The Internet may have dealt a severe blow to the book club business, but the Web may provide the key to keeping book clubs a viable distribution channel. Following Bertelsmann's $150-million purchase of Time Inc.'s 50% stake in Bookspan, Ewald Walgenbach, CEO of the company's DirectGroup, said a priority is moving more of the book club's marketing functions to the Internet. He noted that 43% of members belonging to the clubs in BMG Music Service are "paperless," meaning they receive all offers via the Internet and make their selections online.
While Bookspan receives some orders online, it still uses direct mail as its primary promotional vehicle. In announcing a recent award from the U.S. Post Office, Bookspan noted that it ships more than 270 million direct mail pieces annually—costing about $140 million in postage. Walgenbach declined to put a target on what percentage of the business he expects Bookspan to reach in terms of paperless members, but observed that within two years of Bertelsmann acquiring Columbia House, 25% of its members were served exclusively via the Web. "More and more we're getting to be an Internet company," Walgenbach said, observing that the Web accounted for about 20% of the DirectGroup's 2.7 billion euro revenue in 2006.
Before migrating business to the Internet, however, Walgenbach and Stuart Goldfarb, head of BMG Columbia House who will direct the merged Bookspan/ BMG Columbia, will need to integrate the two companies. Bookspan has 1,900 employees and BMG Columbia 1,100. Without discussing specifics, Walgenbach said Bertelsmann expects to find cost savings in uniting the two companies. When Bookspan was formed in 2000, it had revenue of more than $800 million and membership of approximately 8.5 million. Membership is now just over 7.9 million and revenue at $700 million, with an operating margin of 5%. Over the last couple of years, membership and revenue have stabilized, Walgenbach said, although he acknowledged that given the difficulty in boosting sales, profit improvement will need to come from finding operating efficiencies.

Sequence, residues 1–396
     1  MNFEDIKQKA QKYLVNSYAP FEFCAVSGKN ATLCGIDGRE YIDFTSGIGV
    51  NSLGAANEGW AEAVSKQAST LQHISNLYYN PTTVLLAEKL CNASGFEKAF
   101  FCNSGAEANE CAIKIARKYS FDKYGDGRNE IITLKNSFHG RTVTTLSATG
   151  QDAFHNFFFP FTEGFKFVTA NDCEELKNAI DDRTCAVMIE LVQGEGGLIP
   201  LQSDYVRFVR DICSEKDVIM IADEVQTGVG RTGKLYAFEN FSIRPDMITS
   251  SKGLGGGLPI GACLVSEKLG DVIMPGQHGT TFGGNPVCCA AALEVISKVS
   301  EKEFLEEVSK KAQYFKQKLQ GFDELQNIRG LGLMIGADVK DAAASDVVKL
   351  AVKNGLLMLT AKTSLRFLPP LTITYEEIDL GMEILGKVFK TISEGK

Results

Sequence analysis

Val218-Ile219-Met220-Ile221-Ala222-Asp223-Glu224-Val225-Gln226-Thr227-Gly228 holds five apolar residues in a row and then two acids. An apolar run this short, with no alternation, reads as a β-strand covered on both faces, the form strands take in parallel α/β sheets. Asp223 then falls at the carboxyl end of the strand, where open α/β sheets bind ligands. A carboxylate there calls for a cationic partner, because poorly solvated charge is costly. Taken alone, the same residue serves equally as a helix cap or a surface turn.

Walgenbach maintained that book clubs remain a "good business," and pointed out that the DirectGroup's margins are similar to book retailers—B&N posted an operating margin of 4.8% in 2006. While Bertelsmann has more at stake in the club business than any other company, there are other publishers who are still committed to the channel. F+W Publications has five book clubs with total membership of about 200,000, said club director Peg Sousa. That number has remained flat over the last four years and was aided by the launch of the ScrapBook Club in 2003. "I don't want to say we haven't had our challenges," said Sousa. "Even though it may be a smaller business, we still see it as viable and profitable." F+W depends heavily on finding synergies among its magazines, general book line and clubs to succeed.
Until recently, F+W has done nearly all of its membership prospecting through its own lists, but is now dabbling with using the Net to get new members. The Conservative Book Club, owned by Eagle Publishing and affiliated with Regnery Publishing, finds most of its new members online, said Stuart Richens, v-p of e-business for Eagle. The cost of signing a new member electronically is one-third to one-half the cost of traditional print methods, Richens said. Neither F+W nor the Conservative Book Club has moved to paperless clubs, however. "Mail drives a significant portion of the business," Richens said. F+W does 14 mailings a year for each club, sending out about one million marketing pieces annually, Sousa said.
Membership at the Conservative Book Club peaked at about 60,000 in 2004, fell back to 40,000 last year and now is heading up again as the presidential election campaign heats up. Richens is hoping to get back to the 60,000 level by the 2008 election.
Both Richens and Sousa said their clubs have survived because they have remained focused on niches. "It's a tough business," Richens said, "but if you have the right niche, a good editor and a relationship with your members you can succeed." Sousa said that despite difficult conditions, F+W would add a new club "if we can find that synergy of a magazine and a book line."
Book Club Sales 2001—2006
|Source: Book Industry Study Group *estimated |
|Book Clubs Total||$1,065.6||$1,075.3||$1,094.1||$1,033.9||$1,002.9||$987.6|